Following the fall of Napoleon in 1815, Continental Europe was dominated by rapid industrialisation and the growth of the middle class. Romantic and nationalistic art movements, such as the Nazarenes in Germany and Austria, were influential across Europe. From the middle of the nineteenth century Paris became the centre of the art world. Following in the footsteps of Constable and Turner, the Barbizon group rediscovered the rural landscape, Courbet led the Realist movement and the Impressionists adopted open air painting, brighter colours and contemporary urban subjects, paving the way for modernism. There were also revivals of historical genres and sentimental naturalist paintings of ordinary life, which were favoured by the conservative middle class.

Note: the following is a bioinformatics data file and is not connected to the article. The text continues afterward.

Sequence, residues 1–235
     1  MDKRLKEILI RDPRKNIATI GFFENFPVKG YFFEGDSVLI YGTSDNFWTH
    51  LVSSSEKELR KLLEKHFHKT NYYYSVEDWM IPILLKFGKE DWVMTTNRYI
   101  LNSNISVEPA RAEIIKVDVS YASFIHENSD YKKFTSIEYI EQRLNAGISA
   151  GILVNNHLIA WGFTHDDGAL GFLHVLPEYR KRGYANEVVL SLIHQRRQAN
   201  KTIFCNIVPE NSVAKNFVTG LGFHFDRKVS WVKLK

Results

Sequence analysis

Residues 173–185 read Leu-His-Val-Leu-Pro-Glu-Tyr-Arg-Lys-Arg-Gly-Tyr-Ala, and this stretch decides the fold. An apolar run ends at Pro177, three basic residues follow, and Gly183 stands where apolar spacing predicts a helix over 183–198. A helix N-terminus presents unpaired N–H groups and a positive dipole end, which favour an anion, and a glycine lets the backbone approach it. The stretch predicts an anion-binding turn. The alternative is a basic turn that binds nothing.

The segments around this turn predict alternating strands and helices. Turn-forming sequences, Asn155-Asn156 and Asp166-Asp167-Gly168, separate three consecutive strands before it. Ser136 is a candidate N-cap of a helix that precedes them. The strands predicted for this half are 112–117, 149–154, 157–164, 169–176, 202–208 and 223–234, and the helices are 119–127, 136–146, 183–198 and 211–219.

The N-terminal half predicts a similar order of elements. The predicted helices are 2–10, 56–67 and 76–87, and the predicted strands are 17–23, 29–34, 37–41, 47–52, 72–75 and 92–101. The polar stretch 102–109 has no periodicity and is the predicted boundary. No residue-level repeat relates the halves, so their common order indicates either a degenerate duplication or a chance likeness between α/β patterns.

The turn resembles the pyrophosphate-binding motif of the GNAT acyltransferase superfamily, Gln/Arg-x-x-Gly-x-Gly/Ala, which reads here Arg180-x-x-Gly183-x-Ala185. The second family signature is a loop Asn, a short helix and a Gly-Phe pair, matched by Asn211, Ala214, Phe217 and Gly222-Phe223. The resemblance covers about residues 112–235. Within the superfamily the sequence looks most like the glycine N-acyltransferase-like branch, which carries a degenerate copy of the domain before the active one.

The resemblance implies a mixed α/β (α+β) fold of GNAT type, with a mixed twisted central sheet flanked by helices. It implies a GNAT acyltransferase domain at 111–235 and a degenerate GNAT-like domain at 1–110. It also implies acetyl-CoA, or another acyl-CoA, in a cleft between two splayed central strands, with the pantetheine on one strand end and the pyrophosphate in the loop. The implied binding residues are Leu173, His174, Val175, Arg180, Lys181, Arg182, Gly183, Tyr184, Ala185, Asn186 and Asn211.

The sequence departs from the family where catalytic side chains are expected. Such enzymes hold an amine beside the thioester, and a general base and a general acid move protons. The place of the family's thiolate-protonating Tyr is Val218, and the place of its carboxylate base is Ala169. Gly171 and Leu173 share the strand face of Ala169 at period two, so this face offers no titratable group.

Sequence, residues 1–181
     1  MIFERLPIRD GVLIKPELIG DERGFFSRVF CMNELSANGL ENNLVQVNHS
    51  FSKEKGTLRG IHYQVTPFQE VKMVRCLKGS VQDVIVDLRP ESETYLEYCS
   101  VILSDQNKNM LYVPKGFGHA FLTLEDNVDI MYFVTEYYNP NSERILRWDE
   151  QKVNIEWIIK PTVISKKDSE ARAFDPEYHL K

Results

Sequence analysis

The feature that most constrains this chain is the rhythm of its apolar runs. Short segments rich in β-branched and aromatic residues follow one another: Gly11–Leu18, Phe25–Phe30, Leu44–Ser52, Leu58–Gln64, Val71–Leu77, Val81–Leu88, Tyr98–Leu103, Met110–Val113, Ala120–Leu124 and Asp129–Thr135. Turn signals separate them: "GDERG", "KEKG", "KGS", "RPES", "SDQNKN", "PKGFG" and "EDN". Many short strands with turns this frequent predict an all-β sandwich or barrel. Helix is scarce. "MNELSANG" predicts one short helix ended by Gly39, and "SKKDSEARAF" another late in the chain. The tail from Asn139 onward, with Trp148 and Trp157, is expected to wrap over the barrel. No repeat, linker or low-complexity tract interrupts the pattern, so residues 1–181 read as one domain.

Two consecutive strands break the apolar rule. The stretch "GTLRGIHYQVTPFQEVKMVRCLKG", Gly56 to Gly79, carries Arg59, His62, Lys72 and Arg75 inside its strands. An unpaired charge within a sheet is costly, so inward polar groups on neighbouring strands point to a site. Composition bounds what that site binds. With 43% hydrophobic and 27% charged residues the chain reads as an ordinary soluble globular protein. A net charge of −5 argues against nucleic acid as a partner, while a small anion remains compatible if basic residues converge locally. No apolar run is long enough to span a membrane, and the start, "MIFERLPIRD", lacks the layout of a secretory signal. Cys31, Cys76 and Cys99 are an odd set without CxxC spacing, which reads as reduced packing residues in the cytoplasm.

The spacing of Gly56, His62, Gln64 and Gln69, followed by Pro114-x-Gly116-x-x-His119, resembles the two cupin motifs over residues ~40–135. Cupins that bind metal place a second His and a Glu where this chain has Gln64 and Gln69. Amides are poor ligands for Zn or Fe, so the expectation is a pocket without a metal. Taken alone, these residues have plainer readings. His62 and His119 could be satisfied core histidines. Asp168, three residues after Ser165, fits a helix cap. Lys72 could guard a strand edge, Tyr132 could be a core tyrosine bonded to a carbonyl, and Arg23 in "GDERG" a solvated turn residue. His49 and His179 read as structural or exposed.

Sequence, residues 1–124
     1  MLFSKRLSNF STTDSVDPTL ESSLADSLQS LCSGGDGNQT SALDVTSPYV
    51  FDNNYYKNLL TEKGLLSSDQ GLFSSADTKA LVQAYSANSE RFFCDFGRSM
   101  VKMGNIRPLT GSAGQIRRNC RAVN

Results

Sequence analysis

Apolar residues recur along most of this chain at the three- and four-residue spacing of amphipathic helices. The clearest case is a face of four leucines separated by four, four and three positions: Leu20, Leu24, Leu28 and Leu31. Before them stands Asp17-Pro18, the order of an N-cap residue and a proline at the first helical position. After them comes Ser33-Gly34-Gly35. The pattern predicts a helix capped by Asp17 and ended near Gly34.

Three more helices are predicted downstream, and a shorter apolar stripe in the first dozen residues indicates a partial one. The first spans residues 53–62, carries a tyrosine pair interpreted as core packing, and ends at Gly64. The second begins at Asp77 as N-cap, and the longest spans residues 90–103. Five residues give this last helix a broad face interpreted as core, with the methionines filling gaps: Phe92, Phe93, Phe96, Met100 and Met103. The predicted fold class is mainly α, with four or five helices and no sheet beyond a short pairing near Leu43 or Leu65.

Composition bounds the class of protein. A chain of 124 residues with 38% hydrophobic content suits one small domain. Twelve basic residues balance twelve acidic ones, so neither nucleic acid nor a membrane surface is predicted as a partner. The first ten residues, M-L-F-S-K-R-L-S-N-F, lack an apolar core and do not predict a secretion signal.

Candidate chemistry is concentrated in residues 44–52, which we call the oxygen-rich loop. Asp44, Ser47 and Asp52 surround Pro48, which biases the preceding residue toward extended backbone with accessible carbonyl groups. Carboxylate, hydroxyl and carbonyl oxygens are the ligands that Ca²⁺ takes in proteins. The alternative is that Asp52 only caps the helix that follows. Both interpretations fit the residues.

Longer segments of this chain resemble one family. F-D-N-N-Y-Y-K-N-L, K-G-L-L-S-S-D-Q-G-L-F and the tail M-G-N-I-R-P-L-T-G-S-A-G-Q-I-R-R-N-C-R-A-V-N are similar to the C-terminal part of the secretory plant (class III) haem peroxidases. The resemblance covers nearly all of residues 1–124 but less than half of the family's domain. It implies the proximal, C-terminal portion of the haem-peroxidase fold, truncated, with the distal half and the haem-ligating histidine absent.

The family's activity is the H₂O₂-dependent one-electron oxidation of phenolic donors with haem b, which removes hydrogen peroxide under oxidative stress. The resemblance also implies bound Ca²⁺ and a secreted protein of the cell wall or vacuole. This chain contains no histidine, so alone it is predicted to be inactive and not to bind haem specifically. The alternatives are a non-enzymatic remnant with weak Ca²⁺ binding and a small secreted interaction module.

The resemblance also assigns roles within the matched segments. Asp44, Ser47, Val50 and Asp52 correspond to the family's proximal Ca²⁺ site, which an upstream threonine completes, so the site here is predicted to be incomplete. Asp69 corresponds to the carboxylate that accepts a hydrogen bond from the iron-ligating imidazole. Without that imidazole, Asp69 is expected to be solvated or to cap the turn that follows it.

The turn of the century saw reactions to establishment artistic practices with the formation of new artist-led exhibition societies and, in the early twentieth century, modernist movements such as the German Expressionists, the Italian Futurists, the Surrealists in France and the Dutch De Stijl group. All had a lasting influence on the development of twentieth-century art worldwide. The two contrasting and conflicting impulses of the expression of personal emotion and of a controlled and formal aesthetic continue to dominate European and world painting.